We last chatted to William several years ago when his experience of homelessness was more recent and although he was doing new things, he was struggling to manage his mental health. Since then a lot has changed. He looks puzzled that he previously used the word ‘nervous’ to describe himself.
“I’m quite surprised where that word came from. I have a different outlook and I definitely don’t feel nervous. I don’t deep think things anymore. In the past I would think and think until it made me sick. I’m definitely less like that now. I don’t take things as personally.”
He thinks it’s a combination of volunteering and finding the right medication to manage symptoms which has improved how he feels.
“For the past year or so I’ve been doing lots of volunteering. I’m in touch with people all the time whereas before I was slightly isolated. I’ve also qualified as an IT teacher trainer. This hasn’t really materialised in the way I wanted it to as I have these qualifications but I wasn’t getting the practice of using them.”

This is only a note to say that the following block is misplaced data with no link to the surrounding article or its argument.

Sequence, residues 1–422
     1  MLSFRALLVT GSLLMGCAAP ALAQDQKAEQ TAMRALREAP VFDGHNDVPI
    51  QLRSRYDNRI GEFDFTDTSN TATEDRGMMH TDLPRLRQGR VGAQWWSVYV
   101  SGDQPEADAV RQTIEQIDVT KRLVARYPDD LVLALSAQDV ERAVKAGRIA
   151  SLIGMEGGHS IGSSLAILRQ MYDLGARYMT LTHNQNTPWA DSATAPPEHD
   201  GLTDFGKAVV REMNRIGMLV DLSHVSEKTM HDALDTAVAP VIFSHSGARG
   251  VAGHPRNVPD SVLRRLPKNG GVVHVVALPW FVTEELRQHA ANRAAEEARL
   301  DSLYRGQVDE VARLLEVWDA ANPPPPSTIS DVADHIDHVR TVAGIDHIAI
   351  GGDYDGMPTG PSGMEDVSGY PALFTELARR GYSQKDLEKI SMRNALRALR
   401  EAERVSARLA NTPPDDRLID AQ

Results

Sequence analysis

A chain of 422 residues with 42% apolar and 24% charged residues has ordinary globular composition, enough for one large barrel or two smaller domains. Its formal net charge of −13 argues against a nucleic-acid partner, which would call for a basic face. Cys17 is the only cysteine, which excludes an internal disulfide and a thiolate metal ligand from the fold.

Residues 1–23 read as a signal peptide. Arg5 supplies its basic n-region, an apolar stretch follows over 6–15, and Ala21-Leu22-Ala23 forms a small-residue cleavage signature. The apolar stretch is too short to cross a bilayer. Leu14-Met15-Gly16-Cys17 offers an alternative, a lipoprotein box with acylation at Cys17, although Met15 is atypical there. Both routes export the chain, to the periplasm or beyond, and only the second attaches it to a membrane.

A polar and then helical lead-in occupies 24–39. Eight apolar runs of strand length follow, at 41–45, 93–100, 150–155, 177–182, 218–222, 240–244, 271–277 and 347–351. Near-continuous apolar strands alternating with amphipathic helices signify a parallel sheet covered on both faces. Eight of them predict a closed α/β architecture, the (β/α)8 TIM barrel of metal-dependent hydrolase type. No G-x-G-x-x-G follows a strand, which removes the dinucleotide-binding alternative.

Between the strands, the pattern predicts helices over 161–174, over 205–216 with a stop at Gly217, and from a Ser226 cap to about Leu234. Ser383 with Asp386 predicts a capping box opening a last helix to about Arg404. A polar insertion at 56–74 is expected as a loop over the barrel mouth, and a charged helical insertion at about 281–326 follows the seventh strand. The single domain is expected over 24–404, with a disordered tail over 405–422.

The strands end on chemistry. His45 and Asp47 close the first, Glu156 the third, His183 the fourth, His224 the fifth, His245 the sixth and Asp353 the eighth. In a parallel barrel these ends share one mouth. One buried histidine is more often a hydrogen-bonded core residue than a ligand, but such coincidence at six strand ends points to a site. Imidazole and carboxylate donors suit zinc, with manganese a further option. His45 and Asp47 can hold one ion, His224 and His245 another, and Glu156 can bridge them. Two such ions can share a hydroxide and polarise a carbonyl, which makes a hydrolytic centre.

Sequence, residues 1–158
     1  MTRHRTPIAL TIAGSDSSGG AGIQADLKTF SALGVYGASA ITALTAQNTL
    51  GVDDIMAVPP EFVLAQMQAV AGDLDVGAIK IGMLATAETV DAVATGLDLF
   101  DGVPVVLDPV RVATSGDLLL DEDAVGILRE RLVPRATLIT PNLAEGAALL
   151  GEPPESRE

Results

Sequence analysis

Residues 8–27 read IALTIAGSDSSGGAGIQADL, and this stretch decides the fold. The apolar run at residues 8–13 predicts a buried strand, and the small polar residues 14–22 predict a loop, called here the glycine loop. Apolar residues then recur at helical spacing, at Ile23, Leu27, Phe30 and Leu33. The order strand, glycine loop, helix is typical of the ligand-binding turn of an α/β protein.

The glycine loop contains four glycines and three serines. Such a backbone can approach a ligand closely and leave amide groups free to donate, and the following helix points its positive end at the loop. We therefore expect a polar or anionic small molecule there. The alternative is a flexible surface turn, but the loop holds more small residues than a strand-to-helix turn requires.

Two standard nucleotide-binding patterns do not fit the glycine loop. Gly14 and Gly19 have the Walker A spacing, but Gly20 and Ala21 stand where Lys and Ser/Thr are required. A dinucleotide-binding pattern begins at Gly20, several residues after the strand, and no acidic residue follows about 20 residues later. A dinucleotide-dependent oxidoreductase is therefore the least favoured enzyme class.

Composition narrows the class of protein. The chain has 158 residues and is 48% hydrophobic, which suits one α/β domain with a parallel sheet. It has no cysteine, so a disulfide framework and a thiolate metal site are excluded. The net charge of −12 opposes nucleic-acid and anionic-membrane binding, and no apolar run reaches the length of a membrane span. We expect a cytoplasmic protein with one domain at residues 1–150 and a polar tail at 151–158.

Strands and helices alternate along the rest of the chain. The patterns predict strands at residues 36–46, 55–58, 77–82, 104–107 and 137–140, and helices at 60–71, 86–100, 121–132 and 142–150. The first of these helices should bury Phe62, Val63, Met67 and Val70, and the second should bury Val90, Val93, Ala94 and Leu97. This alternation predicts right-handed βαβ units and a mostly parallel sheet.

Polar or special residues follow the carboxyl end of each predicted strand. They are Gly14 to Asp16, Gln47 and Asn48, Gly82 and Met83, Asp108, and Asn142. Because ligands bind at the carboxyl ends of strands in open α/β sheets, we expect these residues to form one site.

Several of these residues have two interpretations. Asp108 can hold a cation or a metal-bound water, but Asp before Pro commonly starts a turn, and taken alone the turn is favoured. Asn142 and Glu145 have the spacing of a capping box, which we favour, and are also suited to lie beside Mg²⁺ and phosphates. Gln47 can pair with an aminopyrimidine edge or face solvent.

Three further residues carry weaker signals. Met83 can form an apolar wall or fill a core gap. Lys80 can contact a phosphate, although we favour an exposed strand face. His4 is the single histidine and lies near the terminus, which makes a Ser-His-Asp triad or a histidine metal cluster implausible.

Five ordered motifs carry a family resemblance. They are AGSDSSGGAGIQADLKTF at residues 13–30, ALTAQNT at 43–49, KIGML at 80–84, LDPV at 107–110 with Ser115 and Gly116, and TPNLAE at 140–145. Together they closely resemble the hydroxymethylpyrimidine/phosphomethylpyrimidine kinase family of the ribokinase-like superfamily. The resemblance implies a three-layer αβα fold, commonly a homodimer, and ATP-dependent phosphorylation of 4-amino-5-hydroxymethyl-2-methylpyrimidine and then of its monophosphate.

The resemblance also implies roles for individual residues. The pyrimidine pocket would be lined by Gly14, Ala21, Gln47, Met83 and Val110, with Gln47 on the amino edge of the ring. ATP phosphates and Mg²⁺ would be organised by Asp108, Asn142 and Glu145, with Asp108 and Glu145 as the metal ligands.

It was at this point that William saw a volunteering position advertised to support The Connection’s drop in IT class, which operates from the centre’s activity room on a Monday morning. It’s an informal group, which introduces people to digital technology in a fun way so it appeals to people who might not be ready for formal IT classes.
“My role is to support staff and clients. I will support development of the sessions and any exercises. If a client needs a hand with how to do something on a computer or Ipad I give them support. We try to cover a wide variety of subjects and make it fun. We’ve got all kinds of IT stuff which revolves around games and a lot of online questionnaires. We have quizzes which involve safety online, how to job search and little competitions for design of posters to register to vote.”
“The more I volunteer, the more I’m surrounded by positive people and I feed on that positivity. I like IT and after a long time I found something I’m not too bad at.”
And when things don’t quite go to plan William has developed strategies to cope and thrive:
“Nobody is perfect, but in a personal sense you give yourself very high standards and you try to live up to it and it doesn’t really work. It’s actually not a bad thing to realise that you’re not perfect and just get on with it, relax and enjoy it. I think you have to have a sense of humour to keep life fun and it’s even better if you can laugh at your mistakes and take a positive view of that.”